How terpenes interact with our bodies

So how is this all happening? What bodily processes or mechanisms could explain why combined terpenes and cannabinoids are superior to isolated ones? One way is that they may increase the blood-brain barrier permeability and even affect the way that tetrahydrocannabinol (THC) binds to CB1 receptors. In another example, alpha-pinene, nature's most abundant terpene commonly found in pine trees and other coniferous trees, may counter some of the short-term memory loss associated with high levels of THC.

More research is being conducted into the potential benefits of cannabis-derived terpenes. For instance, a 2013 study published in BMC Complementary and Alternative Medicine examined limonene, a terpene known for its zesty citrus flavor. The researchers found that limonene demonstrated anti-depressant and anti-anxiety properties in rodent models.

An additional factor contributing to the entourage effect could also be that cannabinoids and terpenes hit different targets, and the combined activity at those targets (receptors or other cellular pathways) results in a better outcome. For example, multiple molecules attack inflammation at multiple sources of said inflammation. It's also plausible that terpenes could enhance our bodies' ability to absorb or process cannabinoids.

woman smoking joint
Cannabinoids and terpenes hit different targets, and the combined activity at those targets results in a better outcome.
Photo by: Gina Coleman/Weedmaps

On the other hand, we have decent evidence that the undesirable effects of cannabis are minimized when there is a diverse set of molecules consumed at once. For instance, when cannabidiol (CBD) is consumed alongside THC, people experience less paranoia and anxiety. And when certain terpenes are present in a cultivar, the experience of reduced anxiety or a cerebral high, is catalyzed and enhanced.

Entourage effect: every player is important

The term “entourage effect” gives the connotation that all the work is being done by a prevalent cannabinoid (like THC or CBD), while the other minor cannabinoids and terpenes are there as a sea of relatively insignificant minions. In some cases, this may be true, like when an individual uses a THC isolate that doesn't have much else going for it.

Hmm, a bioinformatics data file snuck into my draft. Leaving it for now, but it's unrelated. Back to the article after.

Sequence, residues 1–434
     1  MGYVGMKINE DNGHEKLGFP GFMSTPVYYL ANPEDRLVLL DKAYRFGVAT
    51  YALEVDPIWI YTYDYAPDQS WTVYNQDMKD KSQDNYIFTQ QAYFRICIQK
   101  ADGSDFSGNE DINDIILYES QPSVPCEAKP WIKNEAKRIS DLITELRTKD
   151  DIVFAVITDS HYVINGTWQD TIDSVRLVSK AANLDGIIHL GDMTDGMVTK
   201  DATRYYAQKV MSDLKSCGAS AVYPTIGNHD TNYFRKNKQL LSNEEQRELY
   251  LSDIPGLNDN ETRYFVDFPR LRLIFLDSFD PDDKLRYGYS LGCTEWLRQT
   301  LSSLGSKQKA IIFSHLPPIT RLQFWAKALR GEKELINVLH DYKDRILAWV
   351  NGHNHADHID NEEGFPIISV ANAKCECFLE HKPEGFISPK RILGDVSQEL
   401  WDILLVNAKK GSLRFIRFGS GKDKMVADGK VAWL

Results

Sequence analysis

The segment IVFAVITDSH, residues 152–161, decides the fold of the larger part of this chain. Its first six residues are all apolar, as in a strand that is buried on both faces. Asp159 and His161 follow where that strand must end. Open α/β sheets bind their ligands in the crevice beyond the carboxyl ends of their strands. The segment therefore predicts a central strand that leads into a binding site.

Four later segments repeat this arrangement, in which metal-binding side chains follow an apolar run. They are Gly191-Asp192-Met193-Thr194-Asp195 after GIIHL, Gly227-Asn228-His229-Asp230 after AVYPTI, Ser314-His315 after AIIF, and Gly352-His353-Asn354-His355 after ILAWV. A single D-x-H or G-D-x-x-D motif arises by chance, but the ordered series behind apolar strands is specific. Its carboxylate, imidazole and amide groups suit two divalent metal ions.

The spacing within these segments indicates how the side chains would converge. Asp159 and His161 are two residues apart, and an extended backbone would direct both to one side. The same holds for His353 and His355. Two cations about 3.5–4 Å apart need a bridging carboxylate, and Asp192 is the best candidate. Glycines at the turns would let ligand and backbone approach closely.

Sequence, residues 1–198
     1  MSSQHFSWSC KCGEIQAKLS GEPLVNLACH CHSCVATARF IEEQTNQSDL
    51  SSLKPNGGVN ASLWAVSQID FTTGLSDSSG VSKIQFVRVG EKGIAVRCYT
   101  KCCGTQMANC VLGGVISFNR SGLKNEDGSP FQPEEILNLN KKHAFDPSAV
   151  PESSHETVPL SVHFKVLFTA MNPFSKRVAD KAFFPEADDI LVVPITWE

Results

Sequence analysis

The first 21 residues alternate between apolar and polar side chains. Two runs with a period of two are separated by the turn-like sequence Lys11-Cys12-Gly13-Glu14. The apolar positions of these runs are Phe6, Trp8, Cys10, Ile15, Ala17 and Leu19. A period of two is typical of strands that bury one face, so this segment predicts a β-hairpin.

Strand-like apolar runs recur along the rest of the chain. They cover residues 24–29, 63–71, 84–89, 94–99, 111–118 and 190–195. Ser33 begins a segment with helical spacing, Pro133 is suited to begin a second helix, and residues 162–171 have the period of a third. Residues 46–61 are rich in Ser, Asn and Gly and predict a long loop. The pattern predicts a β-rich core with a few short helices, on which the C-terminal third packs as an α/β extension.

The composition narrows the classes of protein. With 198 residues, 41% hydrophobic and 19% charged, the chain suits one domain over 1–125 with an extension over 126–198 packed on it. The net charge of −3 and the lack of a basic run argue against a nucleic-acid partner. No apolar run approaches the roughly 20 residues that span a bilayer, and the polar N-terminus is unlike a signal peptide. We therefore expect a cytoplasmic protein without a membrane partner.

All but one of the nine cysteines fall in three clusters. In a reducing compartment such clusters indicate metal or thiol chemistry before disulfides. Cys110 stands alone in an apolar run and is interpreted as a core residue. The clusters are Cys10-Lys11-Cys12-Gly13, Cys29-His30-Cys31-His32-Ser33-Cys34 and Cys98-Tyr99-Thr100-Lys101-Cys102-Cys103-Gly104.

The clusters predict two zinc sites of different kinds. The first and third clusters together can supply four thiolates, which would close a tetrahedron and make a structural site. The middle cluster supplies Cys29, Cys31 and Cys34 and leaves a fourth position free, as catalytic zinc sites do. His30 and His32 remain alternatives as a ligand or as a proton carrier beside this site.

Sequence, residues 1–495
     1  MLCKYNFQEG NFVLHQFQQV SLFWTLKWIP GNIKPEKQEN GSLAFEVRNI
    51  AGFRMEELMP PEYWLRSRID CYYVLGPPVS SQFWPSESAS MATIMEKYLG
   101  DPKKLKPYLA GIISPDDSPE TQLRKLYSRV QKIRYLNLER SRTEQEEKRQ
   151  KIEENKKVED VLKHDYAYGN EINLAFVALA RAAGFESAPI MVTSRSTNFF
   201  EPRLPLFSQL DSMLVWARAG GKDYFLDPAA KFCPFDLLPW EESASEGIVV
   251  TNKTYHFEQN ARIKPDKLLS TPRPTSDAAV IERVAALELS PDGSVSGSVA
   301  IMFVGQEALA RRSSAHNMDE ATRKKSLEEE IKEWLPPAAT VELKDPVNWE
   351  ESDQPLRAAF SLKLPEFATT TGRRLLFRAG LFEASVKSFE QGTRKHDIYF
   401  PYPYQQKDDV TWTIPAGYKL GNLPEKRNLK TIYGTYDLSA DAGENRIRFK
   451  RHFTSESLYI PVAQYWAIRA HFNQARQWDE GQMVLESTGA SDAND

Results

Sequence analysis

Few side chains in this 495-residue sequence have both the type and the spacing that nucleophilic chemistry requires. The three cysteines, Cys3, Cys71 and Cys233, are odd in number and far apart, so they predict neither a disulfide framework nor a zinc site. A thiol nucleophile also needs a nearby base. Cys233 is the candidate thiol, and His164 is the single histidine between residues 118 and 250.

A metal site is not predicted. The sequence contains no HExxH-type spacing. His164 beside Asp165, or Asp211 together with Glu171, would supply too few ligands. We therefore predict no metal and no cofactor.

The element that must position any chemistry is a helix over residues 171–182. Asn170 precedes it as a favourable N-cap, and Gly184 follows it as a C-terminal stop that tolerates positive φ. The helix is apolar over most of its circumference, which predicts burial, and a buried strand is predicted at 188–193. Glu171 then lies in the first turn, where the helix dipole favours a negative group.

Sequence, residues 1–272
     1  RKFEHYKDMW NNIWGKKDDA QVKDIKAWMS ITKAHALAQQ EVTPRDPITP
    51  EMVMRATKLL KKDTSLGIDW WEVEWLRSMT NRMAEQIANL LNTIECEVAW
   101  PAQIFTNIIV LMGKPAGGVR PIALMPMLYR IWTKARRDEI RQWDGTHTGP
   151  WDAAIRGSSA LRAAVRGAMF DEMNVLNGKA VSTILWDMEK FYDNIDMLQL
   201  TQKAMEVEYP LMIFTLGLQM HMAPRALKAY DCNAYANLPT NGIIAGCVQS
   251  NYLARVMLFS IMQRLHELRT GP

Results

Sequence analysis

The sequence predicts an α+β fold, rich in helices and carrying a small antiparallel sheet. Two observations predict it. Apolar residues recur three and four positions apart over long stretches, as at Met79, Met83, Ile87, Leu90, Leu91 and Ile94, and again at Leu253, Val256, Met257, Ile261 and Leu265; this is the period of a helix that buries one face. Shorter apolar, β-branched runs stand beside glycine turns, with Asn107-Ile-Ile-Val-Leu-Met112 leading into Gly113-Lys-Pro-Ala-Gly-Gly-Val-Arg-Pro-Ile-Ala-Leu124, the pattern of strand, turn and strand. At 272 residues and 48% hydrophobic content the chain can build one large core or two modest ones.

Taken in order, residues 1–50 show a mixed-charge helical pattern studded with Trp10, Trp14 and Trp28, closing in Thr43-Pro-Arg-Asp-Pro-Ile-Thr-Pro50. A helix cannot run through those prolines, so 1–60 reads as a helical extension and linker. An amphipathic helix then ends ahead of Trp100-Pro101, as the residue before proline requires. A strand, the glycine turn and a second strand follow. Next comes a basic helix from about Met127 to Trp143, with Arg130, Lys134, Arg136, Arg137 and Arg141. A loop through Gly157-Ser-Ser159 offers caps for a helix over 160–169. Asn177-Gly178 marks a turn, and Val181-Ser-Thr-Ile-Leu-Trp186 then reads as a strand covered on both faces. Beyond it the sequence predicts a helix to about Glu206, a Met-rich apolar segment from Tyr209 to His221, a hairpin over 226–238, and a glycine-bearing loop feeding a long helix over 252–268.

However, there are a staggering variety of chemical phenotypes (chemotypes of cannabis) in the world. Plants that have a rich diversity of cannabinoids and terpenes may fall more into an “ensemble effect,” rather than an “entourage effect.” Just like an orchestra, each individual instrument contributes to the overall experience of the musical piece. THC may be the conductor, and CBD might be first-chair violin, but each instrument, each different cannabinoid molecule, each terpene, contributes to the overall experience.

What is the use of terpenes?

Almost everything we know about terpenes and cannabinoids is a result of studying their properties in isolation. With the exceptions of THC and CBD, the majority of this work has been done in animal models and petri dishes. Although this kind of science tells us a lot about the cellular mechanisms by which cannabinoids and terpenes promote health, these models could be a bit too simplistic to generalize the results to the entire human population.

In the real world, we usually don't consume isolated alpha-pinene and wait to see how much it improves our breathing. It's far more common and more beneficial for us to consume hundreds of molecules at a time. 

While there is so much more research left to do in order for us to understand exactly how terpenes enhance the other health benefits of the cannabis plant, and exactly which constellations of molecules produce the different kinds of highs for which cannabis is known, we can safely say “the more the merrier” when it comes to phytochemical diversity.

For now, as research into terpenes continues to advance, there are already a handful of uses for terpenes. Most commonly, terpenes are found in essential oils, which are themselves often utilized in aromatherapy and other forms of holistic healing. Similarly, terpenes have also found their way into the fragrance industry, being used in perfumes, colognes, and other scented products. 

And within the cannabis industry, terpenes are often added to concentrate cannabis products to produce new flavor combinations, to enhance the natural scent and flavor profiles of a strain, or to replace terpenes that may have been lost during the plant extraction process. For example, with full-spectrum cannabis extracts, producers strive to preserve the full cannabinoid and terpene contents of the raw cannabis plant without altering them. 

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The information contained in this site is provided for informational purposes only, and should not be construed as medical or legal advice. This page was last updated on September 8, 2020.